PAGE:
And that is one attribute of the residencies that was common to both: you arrive and instantly tap into a supportive network of local people, who are there to help you, and who want you to succeed. Being positive, open minded and collaborative are invaluable attributes in life, but even more so when being thrown in the deep end, meeting a lot of new people & forming new relationships in situations such as these. Good for the creative mind, essential in fact, but great for the human soul too!
The next revelations I savoured were the shifts from concept to reality. I remember a specific point during the Little Huia residency where this became crystal clear to me, it was right here:
A good friend & DOP/filmmaker had agreed to shoot a little documentary about my residency (you’ll get to see it, sooner or later) and while out recording in a really unique visual location (as per that photo, a road literally carved through the landscape) I suddenly thought of a great steadicam shot for the doco. I did a pre-viz version, shooting with my 5D and comped it into a video, sent him a youtube link and the next weekend he brought his steadicam out & we revisited the location.
But after shooting my idea for half an hour & getting it in the can, we both then relaxed & started shooting material with the steadicam that was so much better than what I had conceived. I came away from this experience with a resolution: it is the concept that gets you there in the first place, but the gold comes from being open minded and exploring the possibilities in situ. Its not a new adage but it reinforced my belief that the best work comes from working, not from thinking about working.
I also knew I would be influenced & inspired by engaging with the environment and locations from both the residencies. People talk about the form of light in New Zealand, but waking every morning to a view of the Seto Inland Sea of Japan was bliss. And equally, living mere metres from the Manukau harbour had a profound effect on me, it reminded me that I could never, ever live out of sight/hearing of the sea.
In both residencies my work was totally altered by the places I spent time and the people I met. It is easy to say in hindsight, and it is easy to think about beforehand. But just how it happens, moment by moment and day by day, is heavenly.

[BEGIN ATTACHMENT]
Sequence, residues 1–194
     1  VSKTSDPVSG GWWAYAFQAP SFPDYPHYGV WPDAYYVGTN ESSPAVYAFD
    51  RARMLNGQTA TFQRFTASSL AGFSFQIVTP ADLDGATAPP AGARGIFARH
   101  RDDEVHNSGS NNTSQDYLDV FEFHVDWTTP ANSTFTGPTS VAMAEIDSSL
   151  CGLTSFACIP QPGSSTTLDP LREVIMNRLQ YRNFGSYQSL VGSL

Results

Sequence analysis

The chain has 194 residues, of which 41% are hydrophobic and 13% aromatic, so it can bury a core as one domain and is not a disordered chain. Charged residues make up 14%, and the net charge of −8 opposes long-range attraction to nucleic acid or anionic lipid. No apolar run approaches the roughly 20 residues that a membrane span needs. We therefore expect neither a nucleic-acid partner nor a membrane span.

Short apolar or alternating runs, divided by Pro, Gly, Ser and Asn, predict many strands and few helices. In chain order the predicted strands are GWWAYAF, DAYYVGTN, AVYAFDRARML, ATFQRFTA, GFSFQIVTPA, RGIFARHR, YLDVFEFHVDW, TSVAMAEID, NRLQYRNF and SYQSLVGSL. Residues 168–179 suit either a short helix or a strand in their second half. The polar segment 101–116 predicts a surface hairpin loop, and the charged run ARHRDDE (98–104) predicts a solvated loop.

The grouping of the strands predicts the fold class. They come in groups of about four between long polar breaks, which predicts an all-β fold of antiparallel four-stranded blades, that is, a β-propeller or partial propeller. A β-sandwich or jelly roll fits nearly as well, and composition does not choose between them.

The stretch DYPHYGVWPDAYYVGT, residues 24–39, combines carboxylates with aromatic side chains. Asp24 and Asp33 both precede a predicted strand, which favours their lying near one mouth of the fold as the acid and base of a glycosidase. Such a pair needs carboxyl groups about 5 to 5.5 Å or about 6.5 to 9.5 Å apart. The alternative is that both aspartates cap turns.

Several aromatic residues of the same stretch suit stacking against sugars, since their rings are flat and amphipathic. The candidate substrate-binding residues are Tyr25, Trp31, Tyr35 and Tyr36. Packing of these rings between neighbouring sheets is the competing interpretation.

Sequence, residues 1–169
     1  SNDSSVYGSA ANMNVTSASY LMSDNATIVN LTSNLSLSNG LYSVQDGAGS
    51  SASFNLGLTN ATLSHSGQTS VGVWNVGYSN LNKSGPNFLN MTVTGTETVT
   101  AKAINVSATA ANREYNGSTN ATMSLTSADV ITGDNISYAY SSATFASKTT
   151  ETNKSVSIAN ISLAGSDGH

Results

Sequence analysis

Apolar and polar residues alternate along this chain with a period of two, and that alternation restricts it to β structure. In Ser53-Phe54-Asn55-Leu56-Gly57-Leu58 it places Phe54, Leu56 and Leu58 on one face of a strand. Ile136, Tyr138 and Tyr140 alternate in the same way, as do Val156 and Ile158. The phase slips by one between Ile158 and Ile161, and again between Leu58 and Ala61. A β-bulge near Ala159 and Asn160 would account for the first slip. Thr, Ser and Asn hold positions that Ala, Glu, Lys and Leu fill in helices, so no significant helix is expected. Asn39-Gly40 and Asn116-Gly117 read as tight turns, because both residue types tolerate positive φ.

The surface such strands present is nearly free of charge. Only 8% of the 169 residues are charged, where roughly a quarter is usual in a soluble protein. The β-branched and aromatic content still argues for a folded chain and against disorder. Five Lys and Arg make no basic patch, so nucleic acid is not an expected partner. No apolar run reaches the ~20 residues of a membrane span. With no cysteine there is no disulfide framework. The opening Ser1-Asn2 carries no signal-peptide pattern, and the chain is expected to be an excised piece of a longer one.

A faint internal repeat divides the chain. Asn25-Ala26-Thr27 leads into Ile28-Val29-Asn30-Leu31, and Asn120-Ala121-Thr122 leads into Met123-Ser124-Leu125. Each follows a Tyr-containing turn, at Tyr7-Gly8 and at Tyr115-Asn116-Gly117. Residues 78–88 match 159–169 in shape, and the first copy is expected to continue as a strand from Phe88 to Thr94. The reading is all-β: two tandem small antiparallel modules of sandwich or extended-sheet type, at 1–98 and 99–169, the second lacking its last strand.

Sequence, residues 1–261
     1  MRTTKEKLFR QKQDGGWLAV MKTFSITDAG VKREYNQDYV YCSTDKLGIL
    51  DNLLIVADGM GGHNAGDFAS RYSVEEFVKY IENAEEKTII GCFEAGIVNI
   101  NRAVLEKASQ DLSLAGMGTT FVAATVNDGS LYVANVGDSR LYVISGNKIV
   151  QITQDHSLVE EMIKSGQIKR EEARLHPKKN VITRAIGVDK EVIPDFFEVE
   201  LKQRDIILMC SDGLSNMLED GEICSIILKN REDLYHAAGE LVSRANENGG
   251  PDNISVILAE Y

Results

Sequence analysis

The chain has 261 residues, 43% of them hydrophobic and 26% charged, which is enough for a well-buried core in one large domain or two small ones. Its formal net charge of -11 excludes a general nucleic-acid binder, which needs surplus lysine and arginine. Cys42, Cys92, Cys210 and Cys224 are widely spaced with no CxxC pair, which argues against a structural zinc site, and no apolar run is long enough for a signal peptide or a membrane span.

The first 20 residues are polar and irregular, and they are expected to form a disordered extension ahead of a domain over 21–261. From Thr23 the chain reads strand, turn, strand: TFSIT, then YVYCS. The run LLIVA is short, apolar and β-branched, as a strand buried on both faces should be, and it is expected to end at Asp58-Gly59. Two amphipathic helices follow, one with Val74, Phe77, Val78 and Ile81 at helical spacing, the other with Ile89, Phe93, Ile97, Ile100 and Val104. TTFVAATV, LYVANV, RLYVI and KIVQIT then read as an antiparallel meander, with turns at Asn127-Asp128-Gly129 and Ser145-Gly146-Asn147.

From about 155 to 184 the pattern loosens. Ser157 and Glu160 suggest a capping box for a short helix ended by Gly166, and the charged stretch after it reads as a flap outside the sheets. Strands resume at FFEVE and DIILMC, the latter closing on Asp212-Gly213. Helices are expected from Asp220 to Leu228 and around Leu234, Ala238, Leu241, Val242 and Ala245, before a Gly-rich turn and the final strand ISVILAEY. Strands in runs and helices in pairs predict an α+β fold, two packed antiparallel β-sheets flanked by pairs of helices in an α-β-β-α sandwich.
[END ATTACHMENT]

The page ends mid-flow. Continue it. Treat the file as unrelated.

The two biggest things I learned from the residencies?
First, was about process. Evolving my process, learning how to do things I planned but had never done before. Clarifying what I was willing to accept and what I wasn’t. I’ve been accused of being a perfectionist before, but I am not – I am a pragmatist. But what I accept as ‘good enough’ for myself is based on my own ideals, no one elses. And not a new lesson but: perseverance. As example, one 20 second shot in my Shodoshima short film took six hours to capture, and it wasn’t timelapse, it was a real time shot. When people see the shot & ask about the actors, there weren’t any. It was all real. Hence the time….
And despite having witnessed it many, many times on other peoples projects, the process of evolving my own projects with a clear screening rapidly deadline approaching, is some of the hardest work I have ever done. If you want clarity of vision, book a screening! What is that old saying by Leonard Bernstein: “To achieve great things, two things are needed; a plan, and not quite enough time”
Screening my work, and discussing it with the audience was also profoundly satisfying. The stress and adrenalyn of finishing the work, the anxiety of it screening (I’m not religious but I prayed to technological gods for pleeeeease, no playback glitches!) and then witnessing how my work changed before my very eyes, just by having an audience present, are incredible things to learn.
And unlike any time in my past I felt like I really OWN my work. I have always had a slightly uneasy relationship with what I make (I am without a doubt my own worst critic) but after weeks and months of being present, and making the most of every day to create the best personal work that I could, I was more than happy to own it. And during the Q&A from both the residencies I answered questions with answers I didn’t know I had until I said them. Insight into your own work, is such a blessing.